I'm using Libnfc 1.7.1 on a Raspberry PI. I'm connecting to a NXP PN532 chip via I2C and configured the connstring (pn532_i2c:/dev/i2c-1) in the Libnfc config file accordingly.
So far, everything is working completely fine. Since every single PN532 chip has the same I2C address (0x24), I want to use a I2C Multiplexer in order to attach two or more PN532 chips to the RPI I2C Bus.

Now I have to poll data from every single NFC reader. In order to do that, I need to specify the I2C address somewhere using Libnfc. How do I manage to specify the exact I2C device address to poll data from using Libnfc? I searched on the Internet and did not find any hints on how do to this.

If it is not possible, what alternatives do you see to accomplish this task?

Thanks in advance :)

I found out that The address is hardcoded in libnfc/drivers/pn532_i2c.c

//I2C address of the PN532 chip.  
#define PN532_I2C_ADDR 0x24
  • Doesn't the multiplexor create additional buses? You should end up with something like /dev/i2c-1, /dev/i2c-2, /dev/i2c-3 etc. You specify the bus to select the sensor. I'm not sure about this but I think this is what happens.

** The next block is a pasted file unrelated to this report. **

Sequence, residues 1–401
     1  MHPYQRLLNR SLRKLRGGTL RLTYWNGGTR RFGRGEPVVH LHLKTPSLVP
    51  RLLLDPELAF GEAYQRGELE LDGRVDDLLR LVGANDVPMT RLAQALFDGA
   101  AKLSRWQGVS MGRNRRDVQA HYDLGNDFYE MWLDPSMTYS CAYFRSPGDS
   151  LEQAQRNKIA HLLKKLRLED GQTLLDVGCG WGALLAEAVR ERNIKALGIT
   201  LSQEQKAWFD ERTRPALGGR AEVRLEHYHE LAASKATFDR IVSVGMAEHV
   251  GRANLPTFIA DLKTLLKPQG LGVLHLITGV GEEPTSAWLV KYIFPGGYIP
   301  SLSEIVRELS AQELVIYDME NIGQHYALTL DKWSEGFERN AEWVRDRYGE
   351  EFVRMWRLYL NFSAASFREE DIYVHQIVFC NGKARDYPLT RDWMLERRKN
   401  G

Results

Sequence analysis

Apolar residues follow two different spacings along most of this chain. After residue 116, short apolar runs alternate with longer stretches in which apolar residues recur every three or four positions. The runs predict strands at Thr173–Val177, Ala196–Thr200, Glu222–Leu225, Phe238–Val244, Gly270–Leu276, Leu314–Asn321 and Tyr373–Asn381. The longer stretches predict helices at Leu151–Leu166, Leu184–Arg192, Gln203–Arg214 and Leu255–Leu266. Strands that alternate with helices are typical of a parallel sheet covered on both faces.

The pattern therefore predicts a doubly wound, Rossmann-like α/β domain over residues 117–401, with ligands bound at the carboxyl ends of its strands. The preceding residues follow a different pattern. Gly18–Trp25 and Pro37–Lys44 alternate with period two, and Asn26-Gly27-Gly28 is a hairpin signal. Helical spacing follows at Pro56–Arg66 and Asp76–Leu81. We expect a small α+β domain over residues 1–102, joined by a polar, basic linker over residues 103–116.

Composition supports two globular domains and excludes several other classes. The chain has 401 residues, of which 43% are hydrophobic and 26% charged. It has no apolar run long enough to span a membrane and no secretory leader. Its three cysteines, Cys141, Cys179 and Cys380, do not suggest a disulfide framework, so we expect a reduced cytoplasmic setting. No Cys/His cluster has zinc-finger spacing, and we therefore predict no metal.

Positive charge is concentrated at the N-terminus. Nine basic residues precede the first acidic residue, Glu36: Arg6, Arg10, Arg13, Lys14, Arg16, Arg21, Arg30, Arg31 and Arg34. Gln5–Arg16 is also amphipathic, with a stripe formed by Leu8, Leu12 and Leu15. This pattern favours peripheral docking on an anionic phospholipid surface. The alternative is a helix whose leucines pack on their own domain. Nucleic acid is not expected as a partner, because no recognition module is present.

– joan
    May 23, 2016 at 17:13
  • I ordered a TCA9548A 1:8 Multiplexer. This one is connected to one I2C Bus of the RPI and presents 8 I2C slaves (0x70 thru 0x77). Unfortunately, no new buses are added. This would have solved my problem.
    – a.Dippel
    May 23, 2016 at 17:30
  • I think that will work. If I understand correctly you select a channel and then the device connected to that channel will respond to requests on the address it is set to (0x24 in your case).
    – joan
    May 23, 2016 at 17:51

1 Answer 1


That should work fine.

Finally, a way to get up to 8 same-address I2C devices hooked up to one microcontroller - this multiplexer acts as a gatekeeper, shuttling the commands to the selected set of I2C pins with your command.

Using the TCA9548A I2C Multiplexer is fairly straight-forward: the multiplexer itself is on I2C address 0x70 (but can be adjusted from 0x70 to 0x77) and you simply write a single byte with the desired multiplexed output number to that port, and bam - any future I2C packets will get sent to that port. In theory, you could have 8 of these multiplexers on each of 0x70-0x77 addresses in order to control 64 of the same-I2C-addressed-part.

Source https://www.coolcomponents.co.uk/tca9548a-i2c-multiplexer.html

  • I found out that the address is hardcoded. I'll try to change that and hard code the address of the MUX instead. Thanks for clarification on the functionality of the MUX.
    – a.Dippel
    May 23, 2016 at 18:31

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